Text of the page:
We’ve started planting our garden as well. I have lettuce growing in my large flower pots in front of our porch, and yesterday I finished covering our garden with landscape cloth which will help keep the weeds down. My husband worked on our electric wire leading to the electric fence charger since I broke it last fall when I was moving my herbs to another spot outside of the garden fence. We also set up most of the poles for the Rattlesnake pole beans we’re going to grow again this year. So glad I discovered those! Today will be a continuation of yesterday’s work as will the rest of the week. I look forward to harvesting all of the veggies to have to eat this summer and the rest of the year after they’re canned!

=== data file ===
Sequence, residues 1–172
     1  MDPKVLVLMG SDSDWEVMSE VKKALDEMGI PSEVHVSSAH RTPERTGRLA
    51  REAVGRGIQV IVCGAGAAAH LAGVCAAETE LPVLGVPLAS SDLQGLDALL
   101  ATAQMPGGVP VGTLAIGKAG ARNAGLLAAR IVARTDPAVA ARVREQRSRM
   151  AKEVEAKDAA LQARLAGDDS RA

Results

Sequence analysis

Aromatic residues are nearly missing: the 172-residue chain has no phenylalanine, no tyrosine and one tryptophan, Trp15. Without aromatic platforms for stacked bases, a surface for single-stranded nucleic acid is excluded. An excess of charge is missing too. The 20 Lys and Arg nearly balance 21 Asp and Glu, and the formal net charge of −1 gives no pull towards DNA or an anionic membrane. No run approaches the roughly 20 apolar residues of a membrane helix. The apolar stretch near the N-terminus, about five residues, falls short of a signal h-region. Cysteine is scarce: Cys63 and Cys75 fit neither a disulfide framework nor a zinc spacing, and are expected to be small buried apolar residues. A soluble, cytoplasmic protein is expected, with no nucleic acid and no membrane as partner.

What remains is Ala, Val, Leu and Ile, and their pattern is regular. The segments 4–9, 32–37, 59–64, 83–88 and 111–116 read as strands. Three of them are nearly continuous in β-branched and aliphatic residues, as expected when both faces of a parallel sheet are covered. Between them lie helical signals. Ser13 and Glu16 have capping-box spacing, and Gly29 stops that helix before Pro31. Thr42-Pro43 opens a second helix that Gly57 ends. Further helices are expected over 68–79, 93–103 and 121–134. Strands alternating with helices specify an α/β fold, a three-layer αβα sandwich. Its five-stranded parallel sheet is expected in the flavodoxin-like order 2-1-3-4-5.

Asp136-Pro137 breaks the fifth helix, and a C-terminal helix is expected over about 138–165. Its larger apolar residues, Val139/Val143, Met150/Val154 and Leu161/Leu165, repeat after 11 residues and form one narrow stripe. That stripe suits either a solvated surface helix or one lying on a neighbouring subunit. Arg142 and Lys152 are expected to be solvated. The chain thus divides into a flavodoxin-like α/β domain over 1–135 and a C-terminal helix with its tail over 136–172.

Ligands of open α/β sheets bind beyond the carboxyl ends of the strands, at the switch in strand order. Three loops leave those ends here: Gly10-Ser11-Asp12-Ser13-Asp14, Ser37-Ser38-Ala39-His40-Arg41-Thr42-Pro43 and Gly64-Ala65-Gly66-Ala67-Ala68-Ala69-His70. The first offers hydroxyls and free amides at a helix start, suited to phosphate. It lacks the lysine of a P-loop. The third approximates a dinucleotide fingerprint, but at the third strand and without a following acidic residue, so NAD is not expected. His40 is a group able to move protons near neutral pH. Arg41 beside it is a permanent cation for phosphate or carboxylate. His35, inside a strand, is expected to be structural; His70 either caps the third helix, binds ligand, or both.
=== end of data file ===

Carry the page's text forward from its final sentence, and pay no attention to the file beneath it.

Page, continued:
• Reply
    JC
    May 10, 2022 at 7:23 am

    Cherokee Purple is one of our favorites. I haven’t heard of Cream and Sausage but I’d be willing to try it. Where can I get the seeds?

  • Reply
    Mint2Bee
    May 10, 2022 at 7:20 am

    One of my favorite tomatoes is Garden Peach. I get the seeds from Sow True. I’ve never heard of Cream and Sausage; that’s an interesting name for a tomato.